Aim: The aim of the test, performed in accordance with PN-EN 1364-1, was to measure the ability of the designed non-load-bearing glass wall element to stop the spread of fire. A comparative analysis was also conducted to show the differences between various glass partition wall solutions in terms of their fire insulation parameters which should be ensured during fire exposure.
Introduction: Glass has been increasingly used in the construction of buildings due to its transparency and aesthetic qualities. However, such glass constructions must comply with the most stringent requirements, including those concerning fire safety. By definition, the measure of fire insulation is the temperature increase on an unheated surface above a given level. For partition and curtain walls, the limit value of temperature increase at any point of a given partition is 180°C, while the average temperature increase on the glazing cannot exceed 140°C. A barrier is considered as not providing fire insulation when the non-load-bearing wall loses its separation function due to the temperature limit being exceeded on the unheated surface.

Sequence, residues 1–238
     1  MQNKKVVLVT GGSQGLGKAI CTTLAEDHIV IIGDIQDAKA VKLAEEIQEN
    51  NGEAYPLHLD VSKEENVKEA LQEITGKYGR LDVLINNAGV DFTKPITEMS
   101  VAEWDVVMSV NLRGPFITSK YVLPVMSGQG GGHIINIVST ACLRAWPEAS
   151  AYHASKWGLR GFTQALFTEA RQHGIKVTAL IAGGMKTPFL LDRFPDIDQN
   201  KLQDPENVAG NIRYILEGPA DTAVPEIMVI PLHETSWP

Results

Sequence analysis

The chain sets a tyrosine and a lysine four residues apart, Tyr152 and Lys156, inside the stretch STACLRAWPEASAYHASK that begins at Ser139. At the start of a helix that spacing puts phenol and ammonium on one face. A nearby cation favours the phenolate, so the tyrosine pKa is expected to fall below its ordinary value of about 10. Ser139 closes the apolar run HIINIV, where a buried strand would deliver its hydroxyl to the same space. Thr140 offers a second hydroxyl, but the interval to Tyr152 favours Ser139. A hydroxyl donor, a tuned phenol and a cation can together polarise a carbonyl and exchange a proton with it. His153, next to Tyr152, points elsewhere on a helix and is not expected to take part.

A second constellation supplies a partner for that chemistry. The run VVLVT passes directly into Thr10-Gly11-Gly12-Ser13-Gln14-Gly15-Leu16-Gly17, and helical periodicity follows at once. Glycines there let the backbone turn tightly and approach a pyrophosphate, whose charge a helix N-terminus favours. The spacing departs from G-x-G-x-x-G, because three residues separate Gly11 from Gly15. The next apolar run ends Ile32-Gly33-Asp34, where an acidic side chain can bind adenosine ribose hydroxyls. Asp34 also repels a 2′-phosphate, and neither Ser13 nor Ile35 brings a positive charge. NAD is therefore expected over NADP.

Methodology: As a first step, we designed the original solution involving a glass-partition frameless construction. The partition was subjected to fire tests performed in accordance with PN-EN 1363-1 and 1364-1 standards. The parameters compared were temperature over 30 minutes of fire with a two-minute surge from three areas: glass surface, profiles located in the central part of the structure and the peripheral frame attached to the furnace structure.
Conclusions: Each of the constructions showed different fire resistance characteristics. These differences allowed the assessment of their effectiveness as barriers during fire and made it possible to identify the advantages provided by the proposed frameless construction. The partition made of steel sections exhibited the highest heat increase, reaching a maximum average temperature of 120°C. The results for other partitions did not go beyond the 75°C threshold, which was approached the closest by the one made of aluminium profiles. Wooden and frameless constructions provided the most effective protection against temperature transfer. The first one reached a maximum average temperature of 21°C, while the second did not exceed 11°C.
Keywords: fire, glass partition wall, fire protection glass, fire insulation
Type of article: case study